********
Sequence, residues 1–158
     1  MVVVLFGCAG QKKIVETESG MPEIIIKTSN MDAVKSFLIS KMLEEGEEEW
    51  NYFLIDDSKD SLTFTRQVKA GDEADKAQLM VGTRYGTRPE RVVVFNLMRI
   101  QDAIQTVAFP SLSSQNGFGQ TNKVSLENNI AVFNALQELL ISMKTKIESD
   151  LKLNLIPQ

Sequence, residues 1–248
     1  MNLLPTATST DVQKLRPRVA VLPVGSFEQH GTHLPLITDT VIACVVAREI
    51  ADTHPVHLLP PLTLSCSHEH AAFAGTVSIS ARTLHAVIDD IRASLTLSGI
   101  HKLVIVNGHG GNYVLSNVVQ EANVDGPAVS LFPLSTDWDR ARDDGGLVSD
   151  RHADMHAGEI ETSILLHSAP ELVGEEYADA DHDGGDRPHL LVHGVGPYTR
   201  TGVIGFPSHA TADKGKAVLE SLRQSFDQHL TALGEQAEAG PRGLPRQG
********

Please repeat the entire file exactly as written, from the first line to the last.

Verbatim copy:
Sequence, residues 1–158
     1  MVVVLFGCAG QKKIVETESG MPEIIIKTSN MDAVKSFLIS KMLEEGEEEW
    51  NYFLIDDSKD SLTFTRQVKA GDEADKAQLM VGTRYGTRPE RVVVFNLMRI
   101  QDAIQTVAFP SLSSQNGFGQ TNKVSLENNI AVFNALQELL ISMKTKIESD
   151  LKLNLIPQ

Sequence, residues 1–248
     1  MNLLPTATST DVQKLRPRVA VLPVGSFEQH GTHLPLITDT VIACVVAREI
    51  ADTHPVHLLP PLTLSCSHEH AAFAGTVSIS ARTLHAVIDD IRASLTLSGI
   101  HKLVIVNGHG GNYVLSNVVQ EANVDGPAVS LFPLSTDWDR ARDDGGLVSD
   151  RHADMHAGEI ETSILLHSAP ELVGEEYADA DHDGGDRPHL LVHGVGPYTR
   201  TGVIGFPSHA TADKGKAVLE SLRQSFDQHL TALGEQAEAG PRGLPRQG